Emmanuel Tettey Mensah, best known as E. T. Mensah (31 May 1919 – 19 July 1996), was a Ghanaian musician who was regarded as the "King of Highlife" music. He led the band "The Tempos", a group that toured widely in West Africa. Mensah was born at Accra, in the Gold Coast, West Africa, on 31 May 1919. His early education took place at the Government School, Accra, and later at Accra High School.
The original Tempo's band was formed in 1946, as a jam session group, by some European soldiers stationed in Accra; it played for army dances and at the Accra Club. As various members left to go to other stations, African musicians were brought in to take their place, until finally it became an all African band. E. Mensah joined the band in 1947, which at this time was led by tenor-saxophonist Joe Kelly.
T. Mensah & His Tempos Band has been played on NTS in shows including Kit Records, featured first on 2 February 2014. Songs played include Ghana Guinea Mali and Laura. Original source Last.
E T Mensah His Tempos Band. Jimmy Shand and His Strict Tempo Band Primrose Polka. Mensah and his Tempos Band Daavi loloto. Mensah And His Tempos Band The Tree and the Monkey. Jimmy Shand and His Strict Tempo Band My Love She's But a Lassie Yet. (play). Mensah and his Tempos Band Gbee bleo. Oscar Rabin and His Strict Tempo Dance Band Tea For Two. Mensah and his Tempos Band Bibiara wone bre.
Mensah was the first Ghanaian highlife artist I heard. From the first notes I was convinced, this is wonderful music. tracks; 1 Donkey calypso 2 Tea samba 3 Shemi ni oya 4 Laura 5 Munsuro 6 Sunday mirror 7 St. Peter’s calypso 8 Obaayi fi kumasi 9 Nkebo baaya 10 Stormy ass. This entry was posted in Ghana, Highlife by Moos. 16 thoughts on . ,Decca West . .
Shemi Ni Oya
St. Peter's Calypso
Obaayi Fi Kumasi
The Decca Record Company Limited
Gunga Din Edoh
Trumpet, Tenor Saxophone
E. T. Mensah*
Made in England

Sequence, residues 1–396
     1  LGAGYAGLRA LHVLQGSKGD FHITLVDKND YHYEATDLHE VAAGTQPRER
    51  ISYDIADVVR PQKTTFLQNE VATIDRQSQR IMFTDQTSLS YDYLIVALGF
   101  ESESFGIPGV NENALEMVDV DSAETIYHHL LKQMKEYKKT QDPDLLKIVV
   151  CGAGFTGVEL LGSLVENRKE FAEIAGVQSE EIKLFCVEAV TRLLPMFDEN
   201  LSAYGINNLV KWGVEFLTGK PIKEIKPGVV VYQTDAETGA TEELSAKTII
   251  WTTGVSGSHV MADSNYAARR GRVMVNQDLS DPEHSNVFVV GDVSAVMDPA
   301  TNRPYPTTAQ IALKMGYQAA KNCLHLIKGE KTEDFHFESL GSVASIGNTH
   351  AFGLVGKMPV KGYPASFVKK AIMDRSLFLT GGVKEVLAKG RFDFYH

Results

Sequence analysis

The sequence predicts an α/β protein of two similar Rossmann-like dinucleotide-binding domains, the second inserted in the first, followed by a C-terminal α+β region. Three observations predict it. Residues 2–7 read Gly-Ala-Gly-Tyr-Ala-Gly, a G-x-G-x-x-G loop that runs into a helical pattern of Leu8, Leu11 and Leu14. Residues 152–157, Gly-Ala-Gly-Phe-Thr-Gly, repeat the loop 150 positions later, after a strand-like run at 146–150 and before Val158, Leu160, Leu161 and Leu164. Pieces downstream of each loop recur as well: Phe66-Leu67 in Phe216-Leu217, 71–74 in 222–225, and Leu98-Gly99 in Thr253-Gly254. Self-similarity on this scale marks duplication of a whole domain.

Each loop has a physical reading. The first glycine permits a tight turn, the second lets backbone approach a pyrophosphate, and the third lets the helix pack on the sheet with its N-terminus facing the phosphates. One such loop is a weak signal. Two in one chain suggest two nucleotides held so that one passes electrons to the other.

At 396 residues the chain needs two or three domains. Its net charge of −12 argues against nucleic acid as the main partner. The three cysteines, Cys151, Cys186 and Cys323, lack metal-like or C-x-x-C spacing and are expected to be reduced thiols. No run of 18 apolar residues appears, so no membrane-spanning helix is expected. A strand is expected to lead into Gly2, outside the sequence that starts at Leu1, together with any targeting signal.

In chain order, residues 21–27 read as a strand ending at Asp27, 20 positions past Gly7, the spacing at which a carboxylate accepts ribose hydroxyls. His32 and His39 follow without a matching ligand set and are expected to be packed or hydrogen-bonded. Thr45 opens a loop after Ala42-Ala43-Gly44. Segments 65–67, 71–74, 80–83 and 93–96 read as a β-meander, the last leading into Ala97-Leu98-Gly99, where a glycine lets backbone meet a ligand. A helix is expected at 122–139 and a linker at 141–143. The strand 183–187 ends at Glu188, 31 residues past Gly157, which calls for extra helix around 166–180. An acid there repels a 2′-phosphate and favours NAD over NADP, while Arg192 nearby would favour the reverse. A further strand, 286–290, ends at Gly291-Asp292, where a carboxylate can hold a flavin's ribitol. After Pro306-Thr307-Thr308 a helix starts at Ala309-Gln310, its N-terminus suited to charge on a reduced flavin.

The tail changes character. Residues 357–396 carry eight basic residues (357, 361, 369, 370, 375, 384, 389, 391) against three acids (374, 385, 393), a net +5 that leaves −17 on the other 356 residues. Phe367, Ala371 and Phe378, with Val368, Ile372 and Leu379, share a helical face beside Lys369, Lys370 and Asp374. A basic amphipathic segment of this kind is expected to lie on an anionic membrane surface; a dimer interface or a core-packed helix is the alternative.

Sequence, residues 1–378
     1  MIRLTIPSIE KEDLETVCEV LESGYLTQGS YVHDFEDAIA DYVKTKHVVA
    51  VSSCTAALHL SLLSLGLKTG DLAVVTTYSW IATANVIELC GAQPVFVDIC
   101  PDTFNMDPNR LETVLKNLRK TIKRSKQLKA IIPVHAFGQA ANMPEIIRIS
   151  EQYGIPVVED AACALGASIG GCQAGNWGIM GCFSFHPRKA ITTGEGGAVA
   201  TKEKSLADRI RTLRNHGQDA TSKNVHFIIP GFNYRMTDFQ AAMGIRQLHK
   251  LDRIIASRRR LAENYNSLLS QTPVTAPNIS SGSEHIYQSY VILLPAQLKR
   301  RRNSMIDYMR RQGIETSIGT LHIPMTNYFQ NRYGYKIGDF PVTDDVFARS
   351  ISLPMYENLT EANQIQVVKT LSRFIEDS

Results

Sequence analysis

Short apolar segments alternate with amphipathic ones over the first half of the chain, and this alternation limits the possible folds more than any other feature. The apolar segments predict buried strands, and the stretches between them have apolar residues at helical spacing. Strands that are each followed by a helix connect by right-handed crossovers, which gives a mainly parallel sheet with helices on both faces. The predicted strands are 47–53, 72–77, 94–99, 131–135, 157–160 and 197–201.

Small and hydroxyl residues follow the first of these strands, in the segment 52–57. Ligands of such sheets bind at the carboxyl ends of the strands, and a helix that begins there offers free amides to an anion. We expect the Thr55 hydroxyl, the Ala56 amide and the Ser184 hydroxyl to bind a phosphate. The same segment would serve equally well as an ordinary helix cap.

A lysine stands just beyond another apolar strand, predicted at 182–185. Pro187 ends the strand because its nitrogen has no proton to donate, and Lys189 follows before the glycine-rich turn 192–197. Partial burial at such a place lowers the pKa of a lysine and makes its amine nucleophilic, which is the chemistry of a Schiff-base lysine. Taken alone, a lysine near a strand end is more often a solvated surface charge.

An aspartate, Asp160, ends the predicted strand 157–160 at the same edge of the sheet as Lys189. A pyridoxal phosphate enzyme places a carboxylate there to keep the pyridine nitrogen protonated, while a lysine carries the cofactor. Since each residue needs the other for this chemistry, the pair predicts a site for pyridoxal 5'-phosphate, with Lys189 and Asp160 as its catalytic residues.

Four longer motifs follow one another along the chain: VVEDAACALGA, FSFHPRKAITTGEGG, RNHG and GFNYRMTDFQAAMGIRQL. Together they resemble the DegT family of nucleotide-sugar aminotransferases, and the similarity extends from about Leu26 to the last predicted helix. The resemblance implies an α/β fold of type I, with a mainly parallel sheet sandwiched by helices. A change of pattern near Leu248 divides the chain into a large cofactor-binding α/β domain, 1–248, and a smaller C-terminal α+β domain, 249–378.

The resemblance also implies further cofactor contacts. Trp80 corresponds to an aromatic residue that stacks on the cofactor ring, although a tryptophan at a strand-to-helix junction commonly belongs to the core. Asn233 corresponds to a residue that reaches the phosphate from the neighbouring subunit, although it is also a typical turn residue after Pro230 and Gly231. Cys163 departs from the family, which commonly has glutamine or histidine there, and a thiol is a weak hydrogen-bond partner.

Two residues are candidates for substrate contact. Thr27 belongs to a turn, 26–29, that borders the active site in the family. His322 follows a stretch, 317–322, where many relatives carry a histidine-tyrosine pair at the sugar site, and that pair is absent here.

Emmanuel Tetteh Mensah was born at Accra, Gold Coast, in 1919, his early education took place at the Government School, Accra, and later at the Accra High School. At the age of twelve he learned to play flute in the Government School band, and the following year found him playing piccolo and flute in the Accra Orchestra whilst continuing his normal school studies. The leader of the Accra Orchestra at the time was Joe Lamptey, whose main interest lay in gathering talented youngsters together to form a band. E. T. Mensah continued to play with his orchestra and also learnt to play alto-saxophone. When his general education was completed, he went to a special school to study pharmacy, followed by a period of eight years in which he worked for the Government as a pharmacist. During this period he had little spare time for his music, but he did not entirely forsake his saxophone. His musical career got a chance when he opened his own drug store in Accra which gave him opportunity to finance his musical ventures. The original Tempo's band was formed in 1946, as a jam session group, by some European soldiers stationed in Accra; it played for army dances and at the Accra Club. As various members left to go to other stations, African musicians were brought in to take their place, until finally it became an all African band. They played impromptu pieces for dances, and they shared the engagement fees as a co-operative unit. E. T. Mensah joined the band in 1947, which at this time was led by tenor-saxophonist Joe Kelly. Shortly after this the band split-up to be reformed again this time with E. T. Mensah leading the group. The various members played together for some fifteen months as a jam session group, all members being allowed free expression in their playing, and ad lib playing of solos. Once again the band split as various members left to form their own bands. In 1950 E. T. Mensah brought in further promising players and for the first time the band went under the name of E. T. Mensah and his Tempo's band. During this period the band started to work to set arrangements and the solo spots were worked into the main arrangements still allowing the soloist a certain amount of free expression, thus maintaining the effect of impromptu solo playing. A rhythm section was trained to play the complex percussive harmonies of the Gold Coast highlife, and this was the start of the highlife vogue as it is known today in its modern form. The rhythm section followed that of the Latin American style, consisting of bongoes, maracas, claves, conga drum, guitar and string bass. This started a fashion that was soon adopted by other Gold Coast bands. At one time or another the band has numbered amongst its members such Gold Coast musical personalities as Joe Kelly (tenor-saxophone), Tom Grippman (trombone), Spike Anyanko (alto-saxophonist) and Guy Warren (drums). As one of the first professional bands in the Gold Coast, it had the opportunity to embark on extensive tours of the country, visiting Kumasi, Tamale, Cape Coast as well as visiting neighbouring Dahomey, and Nigeria. Nigerians have had the chance of hearing the first band to play in the newly opened "Lido" night club in Accra, and has entertained dancers at "The Week-end in Havana", "Kit-Kat" and many other nightspots in the capital. E. T. Mensah is now encouraging members of the band to compose new calypsos and sambas, to enlarge the band's repertoire and to make a variation from the highlife tempo. Most of the titles featured on this long playing record are dressed up versions of African folk tunes, some are local compositions by members of the band, others are based on factual happenings following the traditional practice with calypsos. This record is representative of the band's activities over a period of three years. 1953 to 1955, and contains most the band's frequently requested titles. This is not the sophisticated music of the modern dance hall, but playing which inspires an abandoned type of dance seen in the West African night clubs and bars. It may not have the polish or technique of the large-scale European and American bands, but it has the ingredients necessary to fill these West African nightspots with excited dancers, dancing as only African people can, dancing in sheer, abandonment to the rhythms of the highlife and the calypso. In the three years that these recordings cover, the band line-up of musicians has changed from time to time but on these titles you can hear the playing of E. T. Mensah (trumpet and tenor-saxophone); Spike Anyanko, Spivak Dodoo (alto-saxophone); Glen Cofie, Rich Kojo (trombone); Tricky Johnson, Dizzy Acquaye (guitar); Robert Veale (string bass); Tom-Tom Addo (drums); Dan Acquaye (bongos); Gunga Din Edoh (maracas); Herbert Thompson (conga drum). On these recordings vocals are taken by various members of the band, prominent amongst these being Dan Acquaye and Tom-Tom Addo.